Coming off three days of dry weather above 50 degrees, I'm happy to have spent real time in the garden last week. Of course, the rain and cold quickly returned, so the exuberance of April is not quite here but the signs are in the right direction, albeit several weeks later than normal. 

In looking at photos from March 2021 compared to what I see April 2023, the garden is very similar. It's still winter out there despite plants pushing forward very slowly. Once we reach a whole week of 60-degree weather I believe the garden will burst with exponential growth. It's under the surface now waiting to emerge. And as far as the weather patterns are concerned, I understand we're on the tail end of La Niña and beginning an El Niño year very soon, which tends to result in drier weather in the Pacific Northwest. 

The tough plants that've managed to pop up despite the weather deserve a spotlight and a round of applause. Here they are this week at Chickadee Gardens:

Cardamine trifolia in bloom with Carex conica 'Snowline' on the right and Ophiopogon 'Nigrescens' on the left. This is the edge of a border in the shade garden that is looking lovely right now due to abundant winter and spring rain.

Fritillaria meleagris and its single bloom. How lovely it would be if this seeded about, but after six years it has stayed put. Likely due to the tough conditions in which it is planted, a lot of tree roots and competition as well as surrounding groundcovers.

Ribes sanguineum 'White Icicle' in bloom.

Aruncus dioicus, goatsbeard, shows signs of growth. This stunning native herbaceous perennial gets quite tall at about 6' or so and better every year. I have many of these throughout the shadier parts of the garden, and they each seem to have a differing time of emergence.

I have several large clumps of Epimedium 'Sulphureum' in the shade garden. I had not cut them back until this year when I decided to experiment and see if I liked the results. I hadn't done it before because the foliage always looked good so decided to leave it. However, I like being able to clearly see new flowers and fresh new leaves, plus it seems to bloom a little earlier by doing it this way. I may continue to give an annual late winter haircut to this plant.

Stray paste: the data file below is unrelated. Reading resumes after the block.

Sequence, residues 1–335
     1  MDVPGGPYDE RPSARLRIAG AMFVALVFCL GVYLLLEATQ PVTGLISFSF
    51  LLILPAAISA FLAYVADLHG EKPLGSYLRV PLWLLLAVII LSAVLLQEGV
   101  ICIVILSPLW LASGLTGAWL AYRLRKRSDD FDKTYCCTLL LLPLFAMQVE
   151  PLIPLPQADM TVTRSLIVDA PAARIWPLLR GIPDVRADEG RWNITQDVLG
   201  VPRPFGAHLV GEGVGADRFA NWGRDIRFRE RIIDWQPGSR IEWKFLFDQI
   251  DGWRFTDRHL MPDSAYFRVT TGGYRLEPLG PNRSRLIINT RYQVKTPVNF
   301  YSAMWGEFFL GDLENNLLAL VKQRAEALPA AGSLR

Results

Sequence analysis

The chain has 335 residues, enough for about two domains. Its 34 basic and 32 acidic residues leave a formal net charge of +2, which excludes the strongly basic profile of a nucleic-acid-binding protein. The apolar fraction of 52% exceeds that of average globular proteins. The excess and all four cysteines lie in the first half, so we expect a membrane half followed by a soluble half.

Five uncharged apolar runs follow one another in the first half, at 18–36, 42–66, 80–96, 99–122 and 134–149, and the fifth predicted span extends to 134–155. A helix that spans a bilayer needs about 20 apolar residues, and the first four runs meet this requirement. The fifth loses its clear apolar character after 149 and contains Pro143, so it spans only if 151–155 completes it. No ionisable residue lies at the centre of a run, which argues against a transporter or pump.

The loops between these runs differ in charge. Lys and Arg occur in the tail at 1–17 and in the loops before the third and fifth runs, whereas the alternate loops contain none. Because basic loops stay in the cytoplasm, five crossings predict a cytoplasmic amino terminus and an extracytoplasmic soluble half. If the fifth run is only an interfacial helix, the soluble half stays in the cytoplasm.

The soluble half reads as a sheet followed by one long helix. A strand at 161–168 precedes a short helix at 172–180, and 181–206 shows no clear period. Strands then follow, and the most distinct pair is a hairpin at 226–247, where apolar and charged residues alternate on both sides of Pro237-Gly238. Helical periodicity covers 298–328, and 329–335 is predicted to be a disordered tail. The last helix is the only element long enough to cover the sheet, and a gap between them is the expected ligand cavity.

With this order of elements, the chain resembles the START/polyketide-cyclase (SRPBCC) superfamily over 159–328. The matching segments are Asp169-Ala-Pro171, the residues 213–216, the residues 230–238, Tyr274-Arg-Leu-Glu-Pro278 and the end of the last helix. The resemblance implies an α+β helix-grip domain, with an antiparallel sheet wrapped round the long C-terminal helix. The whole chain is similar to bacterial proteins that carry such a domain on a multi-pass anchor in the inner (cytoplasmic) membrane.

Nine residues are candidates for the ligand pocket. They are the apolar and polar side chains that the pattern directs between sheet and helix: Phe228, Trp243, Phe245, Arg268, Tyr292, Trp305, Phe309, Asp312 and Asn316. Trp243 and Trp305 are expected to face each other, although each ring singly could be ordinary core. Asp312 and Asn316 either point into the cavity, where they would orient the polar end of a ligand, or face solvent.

Veratrum, though I'm unsure of the species, as it was given to me years ago. It may be V. nigrum but it has never bloomed so I am unsure. Slugs do love it but have oddly left it alone this spring. I don't think slugs can swim!

Unfurling fronds of our native Adiantum aeluticum, maidenhair fern.

Jeffersonia diphylla, such a sweet woodland ephemeral. I had to save it from getting swallowed up by larger plants and move it to a more open locale so it can be seen.

This sweet little bundle is Chamaecyparis 'Treasure Island', a gift from Jerry of the blog Botanica Chaotica. He met me at the Corvallis Evening Gardening Club event in March and gifted me a few choice plants. I encourage you to read his blog if you aren't familiar, he's a wealth of knowledge.

Here is a mature example of Chamaecyparis 'Treasure Island' not far from its new little brother.

Philadelphus coronarius 'Aureus' has gorgeous golden foliage when new; it eventually turns green. The flowers that shall come on in a month or so are white and the most fragrant of many philadelphus I have encountered. It is in part shade and seems quite content.

Arctostaphylos 'Saint Helena' is blooming, all my arctos are blooming at the same time right now. The bumble bees are happy, it's a superhighway of bumbles around here.

Facilities Manager says while there are a few honeybees about we shall have a new hive of our favorite pollinators in mid-May. The April delivery date is delayed due to the poor weather in California. 

Foliage of Sidalcea campestris, one of our native checker mallows is quite handsome. Soon its tall stalks of pale pink flowers will be blooming and well-visited by pollinators. It's a seeder, which is perfect for the meadow garden area where I have it. I introduced this clump to a secondary area to try to get it established elsewhere.